This weekend I finally finished up a languishing project! My birdie blouse, from vintage Simplicity #4256.
I sewed view 3, which is a basic collared blouse with gathers at the shoulder and cuffed short sleeves (I omitted the pocket). I started this blouse about a month ago and it gave me fits in the beginning due to the collar. I’m still not completely convinced that the methods I’ve seen to attach a collar and facing are humanly possible (at least, by this human), but I worked out something that seems fine. I’ll give it a shot again on a future project.
I fastidiously did a muslin and I had a feeling the blouse would be too big. I need to take careful notes on what sizes of what pattern lines seem to run big, something I haven’t been doing. (Actually I need to learn to take better notes, period. Something more than randomly scattered pieces of paper and post-its.) I’m starting to feel Simplicity runs big for me. The odd thing was that my muslin fit a little tighter than my final blouse and I’m not sure why. So it’s a little larger in the waist area than I’d like by a couple of inches per side, but not awful. Though I know that I’m way more hard on myself when I’m the one making something than when I’m buying something.
I got the buttons from The Button Emporium years ago and they finally found their way to the right project. They are plastic self-shank buttons in a lovely butterscotch color and come in a few colors and sizes.
I’m pleased with the blouse, even though there are a few things that bug me slightly. At the time I started it, I didn’t have any gray thread so I used white. The hem is a little wonky because I didn’t have the tension adjusted quite right and was halfway through before I noticed it. I hate hems so I wasn’t about to pick it out and redo it. C’est la vie.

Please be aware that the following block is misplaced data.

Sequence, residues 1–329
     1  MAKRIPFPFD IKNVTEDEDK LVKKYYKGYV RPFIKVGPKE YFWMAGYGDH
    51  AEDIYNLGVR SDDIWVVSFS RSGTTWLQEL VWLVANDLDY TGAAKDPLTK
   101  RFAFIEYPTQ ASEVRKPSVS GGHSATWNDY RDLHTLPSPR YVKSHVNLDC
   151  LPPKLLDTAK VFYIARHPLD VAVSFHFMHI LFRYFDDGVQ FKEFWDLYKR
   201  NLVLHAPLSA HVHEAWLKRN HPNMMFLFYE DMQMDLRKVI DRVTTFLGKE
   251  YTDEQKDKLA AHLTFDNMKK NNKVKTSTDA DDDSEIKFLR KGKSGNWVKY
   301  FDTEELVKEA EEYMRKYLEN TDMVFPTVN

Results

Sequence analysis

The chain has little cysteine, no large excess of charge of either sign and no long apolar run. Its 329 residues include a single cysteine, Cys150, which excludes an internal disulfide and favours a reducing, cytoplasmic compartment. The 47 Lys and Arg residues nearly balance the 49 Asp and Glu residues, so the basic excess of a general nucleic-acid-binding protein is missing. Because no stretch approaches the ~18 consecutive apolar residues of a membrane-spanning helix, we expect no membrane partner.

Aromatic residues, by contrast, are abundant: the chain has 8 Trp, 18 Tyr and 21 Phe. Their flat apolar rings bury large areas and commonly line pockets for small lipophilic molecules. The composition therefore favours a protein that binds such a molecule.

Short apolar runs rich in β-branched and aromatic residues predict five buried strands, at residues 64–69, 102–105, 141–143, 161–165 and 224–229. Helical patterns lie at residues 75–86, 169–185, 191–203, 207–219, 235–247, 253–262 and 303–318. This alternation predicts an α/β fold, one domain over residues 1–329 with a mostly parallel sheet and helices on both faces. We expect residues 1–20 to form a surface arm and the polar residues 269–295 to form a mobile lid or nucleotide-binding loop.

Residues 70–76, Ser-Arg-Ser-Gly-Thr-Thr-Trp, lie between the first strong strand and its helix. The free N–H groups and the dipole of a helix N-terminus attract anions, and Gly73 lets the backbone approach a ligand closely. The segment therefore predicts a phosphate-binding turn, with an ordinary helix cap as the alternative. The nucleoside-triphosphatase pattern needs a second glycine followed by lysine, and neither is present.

The facing is not attached to the bodice but is the same piece so it’s not interfaced, and I think the very top was a little goofy because of that. It didn’t really matter since I planned to button it up all the way, but it would have bugged me if I wanted to wear it with the top open. I used a little trick I learned from one of my vintage blouses and sewed a small snap up at the top under the collar where you can’t see it. Next time, I’ll probably omit the top button and go for a little hidden loop closure. (How does one work that loop, anyway? Miniature crochet chain with embroidery floss, perhaps?)
And yes, you’ll notice I didn’t match up the patterns on the front… you have got to be kidding me. I was so not going to do that. I will worry about it when I get better at this stuff.
There were two main reason I didn’t finish this weeks ago. First, I was dreading having to trim off part of the hem because I made the mistake of trying something with how I hemmed the facing and ended up making the hemline too deep, so I finally buckled down and unceremoniously chopped off the excess.
Second, I was also dreading making the buttonholes. Except when I sat down to do it, having already forgotten how to use the four-step buttonhole function on my sewing machine even though I just used it last month, I realized something. I was making it way more difficult on myself than it was supposed to be, because I had been using it with the little plastic cover for the feed dogs that you’re supposed to use for embroidery. I think this dunderhead error was due to initially reading in my manual how to sew on a button versus sew a buttonhole. Once I removed the unwanted piece out of the equation it was a breeze. I will never fear buttonholes again.
I also learned a trick in one of my sewing books. I know seasoned sewists will already know this, but I didn’t, and it was a big help. I’ve always had a hard time sewing over several thicknesses of fabric, like going over a dart on a hem. I learned that if you put a little helper (in my case a folded up piece of paper) under the presser foot at the back just before you go over a hump, it evens out the presser foot and makes the transition smoother, so you’re less likely to get skipped and funky stitches. Amazing how something so small can be such a big help.
So, another learning experience. I learned that cool trick above. I learned that big patterns don’t really pair that well with gathers (too busy). I learned to raise waist darts so they hit my actual waistline. I learned I probably need to take better care in how I pin buttonholes on myself when working a muslin so I don’t think a garment is going to fit better than it will. I learned I’m still looking out for the perfect blouse pattern.
But, birdies on swings! I love them!